PSN-L Email List Message

Subject: Re: unusual frequency
From: Thomas Dick dickthomas01@.............
Date: Sun, 02 Nov 2008 19:40:17 -0600

May I add to your comments ---
1. first, there was a 3.1 in Oklahoma around 10:30 UTC, a 2 in Tenneesee 
and a whole series of Texas quakes starting around 23 UTC --- these are 
LISTED on regional networks .... BUT, there could be unlisted minor 
events BUT shouldn't these events be in the .6 Hz/period of 1.5 for 
regional events which is higher than what I was seeing

and what I was questioning....
2. "Quiet weather all over U.S. right now. Starting about 18:30 on 10/30 
I began seeing a large amplitude signal coming in. It peaks at ~.2 Hz or 
5 sec period It is twice as strong as the earthquake in Texas (~5 on Oct 
31) here in southern Indiana. Is anyone else seeing this?"  
and probably some form of weather phenonmena???

Bob Hancock wrote:
> Without knowing the epicenter of the event, you cannot draw too many 
> conclusions.  I downloaded the event using VASE, and look at it with 
> SAC.  I used the unfiltered raw data from the IU/TUC station (STS-1) 
> and believe the P wave arrival time is 13:36:20 for that station.  I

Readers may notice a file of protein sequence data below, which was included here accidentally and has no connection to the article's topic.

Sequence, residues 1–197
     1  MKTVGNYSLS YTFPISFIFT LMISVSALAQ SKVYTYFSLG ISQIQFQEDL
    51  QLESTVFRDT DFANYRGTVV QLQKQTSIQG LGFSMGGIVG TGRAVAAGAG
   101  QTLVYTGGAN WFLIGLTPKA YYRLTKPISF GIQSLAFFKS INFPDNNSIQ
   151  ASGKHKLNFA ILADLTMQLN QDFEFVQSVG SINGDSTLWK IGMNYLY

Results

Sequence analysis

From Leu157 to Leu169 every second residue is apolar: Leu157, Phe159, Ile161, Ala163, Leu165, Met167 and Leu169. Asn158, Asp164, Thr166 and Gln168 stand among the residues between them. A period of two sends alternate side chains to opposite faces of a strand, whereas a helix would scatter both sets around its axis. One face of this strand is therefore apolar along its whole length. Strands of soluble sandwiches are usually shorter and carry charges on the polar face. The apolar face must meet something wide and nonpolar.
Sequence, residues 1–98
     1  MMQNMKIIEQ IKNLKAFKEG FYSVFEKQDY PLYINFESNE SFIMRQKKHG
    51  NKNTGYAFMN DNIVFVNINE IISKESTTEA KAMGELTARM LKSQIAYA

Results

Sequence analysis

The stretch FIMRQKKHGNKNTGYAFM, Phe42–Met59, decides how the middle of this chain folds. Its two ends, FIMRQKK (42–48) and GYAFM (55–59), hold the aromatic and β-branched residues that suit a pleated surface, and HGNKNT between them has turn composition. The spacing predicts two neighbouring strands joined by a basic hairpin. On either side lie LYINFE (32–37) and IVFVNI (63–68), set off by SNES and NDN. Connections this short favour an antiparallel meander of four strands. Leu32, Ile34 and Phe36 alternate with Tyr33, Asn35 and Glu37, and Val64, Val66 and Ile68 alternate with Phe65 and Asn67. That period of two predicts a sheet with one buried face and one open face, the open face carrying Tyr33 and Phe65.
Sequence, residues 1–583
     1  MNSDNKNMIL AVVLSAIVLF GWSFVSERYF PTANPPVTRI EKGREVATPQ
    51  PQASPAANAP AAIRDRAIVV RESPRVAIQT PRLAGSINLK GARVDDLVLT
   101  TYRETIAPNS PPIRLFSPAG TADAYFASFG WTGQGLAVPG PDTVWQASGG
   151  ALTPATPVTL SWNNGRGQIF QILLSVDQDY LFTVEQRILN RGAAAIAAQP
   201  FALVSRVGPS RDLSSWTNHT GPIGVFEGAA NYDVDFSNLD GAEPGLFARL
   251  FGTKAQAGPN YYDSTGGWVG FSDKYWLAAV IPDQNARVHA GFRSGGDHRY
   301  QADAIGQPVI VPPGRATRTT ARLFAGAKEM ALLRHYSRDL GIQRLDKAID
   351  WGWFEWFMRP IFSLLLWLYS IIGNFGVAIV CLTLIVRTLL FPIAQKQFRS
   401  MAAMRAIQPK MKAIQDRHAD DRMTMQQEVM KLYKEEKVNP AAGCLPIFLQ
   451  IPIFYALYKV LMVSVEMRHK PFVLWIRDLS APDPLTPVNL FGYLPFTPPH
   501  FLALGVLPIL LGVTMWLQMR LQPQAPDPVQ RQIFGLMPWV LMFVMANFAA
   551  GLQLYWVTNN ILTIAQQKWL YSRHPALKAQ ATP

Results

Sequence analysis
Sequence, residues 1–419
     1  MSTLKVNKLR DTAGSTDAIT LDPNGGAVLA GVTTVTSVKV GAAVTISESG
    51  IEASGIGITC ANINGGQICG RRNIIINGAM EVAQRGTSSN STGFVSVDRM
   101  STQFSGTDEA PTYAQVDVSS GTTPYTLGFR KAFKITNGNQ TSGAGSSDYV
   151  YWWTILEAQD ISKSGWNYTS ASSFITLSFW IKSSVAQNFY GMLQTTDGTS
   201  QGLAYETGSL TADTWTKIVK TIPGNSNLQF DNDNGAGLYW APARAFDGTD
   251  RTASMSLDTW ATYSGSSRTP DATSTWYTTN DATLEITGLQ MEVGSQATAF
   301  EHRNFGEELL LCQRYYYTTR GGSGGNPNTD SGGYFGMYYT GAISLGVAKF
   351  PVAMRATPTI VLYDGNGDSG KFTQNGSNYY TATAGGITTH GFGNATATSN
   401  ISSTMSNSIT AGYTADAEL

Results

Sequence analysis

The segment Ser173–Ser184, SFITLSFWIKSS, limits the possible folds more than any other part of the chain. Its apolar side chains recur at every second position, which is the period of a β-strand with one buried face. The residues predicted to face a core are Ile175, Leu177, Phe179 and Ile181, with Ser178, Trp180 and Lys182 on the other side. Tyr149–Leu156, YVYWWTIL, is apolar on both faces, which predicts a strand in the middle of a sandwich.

> can pick out the Love & Rayleigh waves.  However, the S wave is of 
> very low amplitude.  I observed one very low amplitude oscillation 
> that could correspond to an S wave about 13:37:25, for a S-P time of 
> 65 seconds or 4.47 degrees ( 496.75 km).  In addition, the rayleigh 
> waves are much more pronounced on the vertical and north channels 
> which would be consistent with an event that is more southerly from 
> the receiving station than southwest.  The Love waves first appear 
> about 13:37:45, and the Rayleigh waves appear about 13:38:25.  Without 
> more information, it is not really possible to draw any conclusions on 
> why there was a diminished S wave.  I have not looked at the event 
> with other than my station and Tucson.  To me, it looks like a normal 
> regional event, but with a magnitude of less than 4.0, most likely 
> south of the border in Mexico.
> Keep in mind one big problem in analyzing regional events is there is 
> insufficient time for good wave separation.  They are all together and 
> that can complicate trying to pick out individual waves.
> Bob Hancock
> On Nov 2, 2008, at 2:11 AM, Geoff wrote:
>> Hello Bob;
>> me Not being a physics major or math person.
>> Thats Interesting since I had a s-p or s-L time
>> of 2 minutes and that translates to
>> 600 + miles maybe 700. This event set off
>> my automatic recording which usually does
>> not happen unless the quake is about 4.0
>> at 400 miles. For some reason more energy then
>> expected has arrived at this station sort of like
>> what bubbleheads ( submarine sailors )
>> might call a convergence zone
>> which happens in the ocean with sound waves.
>> Maybe quake waves in the earth behave like
>> sound waves in the ocean and are lazy which
>> will focus the energy at discreet distances
>> from the event. By lazy I mean they seem